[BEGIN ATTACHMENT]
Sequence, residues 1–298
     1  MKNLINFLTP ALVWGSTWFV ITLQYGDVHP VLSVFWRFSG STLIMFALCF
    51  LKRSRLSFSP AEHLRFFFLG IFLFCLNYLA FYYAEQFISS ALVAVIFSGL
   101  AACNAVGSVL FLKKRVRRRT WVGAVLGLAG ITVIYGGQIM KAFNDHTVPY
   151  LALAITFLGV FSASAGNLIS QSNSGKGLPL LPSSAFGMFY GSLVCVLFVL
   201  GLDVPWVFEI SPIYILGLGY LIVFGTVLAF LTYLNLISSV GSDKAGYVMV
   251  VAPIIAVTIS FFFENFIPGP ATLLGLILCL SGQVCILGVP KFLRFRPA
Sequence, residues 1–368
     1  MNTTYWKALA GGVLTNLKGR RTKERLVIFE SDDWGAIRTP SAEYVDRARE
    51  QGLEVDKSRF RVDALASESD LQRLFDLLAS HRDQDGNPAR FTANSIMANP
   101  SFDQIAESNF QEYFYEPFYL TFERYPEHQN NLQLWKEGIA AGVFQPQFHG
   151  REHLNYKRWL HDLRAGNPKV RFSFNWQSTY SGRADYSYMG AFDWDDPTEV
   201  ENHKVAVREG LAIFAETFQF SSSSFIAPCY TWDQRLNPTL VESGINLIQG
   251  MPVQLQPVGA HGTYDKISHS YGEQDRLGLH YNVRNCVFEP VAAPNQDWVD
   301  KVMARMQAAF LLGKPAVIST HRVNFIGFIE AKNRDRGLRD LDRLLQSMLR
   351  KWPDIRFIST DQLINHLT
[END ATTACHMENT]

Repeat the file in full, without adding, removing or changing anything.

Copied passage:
Sequence, residues 1–298
     1  MKNLINFLTP ALVWGSTWFV ITLQYGDVHP VLSVFWRFSG STLIMFALCF
    51  LKRSRLSFSP AEHLRFFFLG IFLFCLNYLA FYYAEQFISS ALVAVIFSGL
   101  AACNAVGSVL FLKKRVRRRT WVGAVLGLAG ITVIYGGQIM KAFNDHTVPY
   151  LALAITFLGV FSASAGNLIS QSNSGKGLPL LPSSAFGMFY GSLVCVLFVL
   201  GLDVPWVFEI SPIYILGLGY LIVFGTVLAF LTYLNLISSV GSDKAGYVMV
   251  VAPIIAVTIS FFFENFIPGP ATLLGLILCL SGQVCILGVP KFLRFRPA
Sequence, residues 1–368
     1  MNTTYWKALA GGVLTNLKGR RTKERLVIFE SDDWGAIRTP SAEYVDRARE
    51  QGLEVDKSRF RVDALASESD LQRLFDLLAS HRDQDGNPAR FTANSIMANP
   101  SFDQIAESNF QEYFYEPFYL TFERYPEHQN NLQLWKEGIA AGVFQPQFHG
   151  REHLNYKRWL HDLRAGNPKV RFSFNWQSTY SGRADYSYMG AFDWDDPTEV
   201  ENHKVAVREG LAIFAETFQF SSSSFIAPCY TWDQRLNPTL VESGINLIQG
   251  MPVQLQPVGA HGTYDKISHS YGEQDRLGLH YNVRNCVFEP VAAPNQDWVD
   301  KVMARMQAAF LLGKPAVIST HRVNFIGFIE AKNRDRGLRD LDRLLQSMLR
   351  KWPDIRFIST DQLINHLT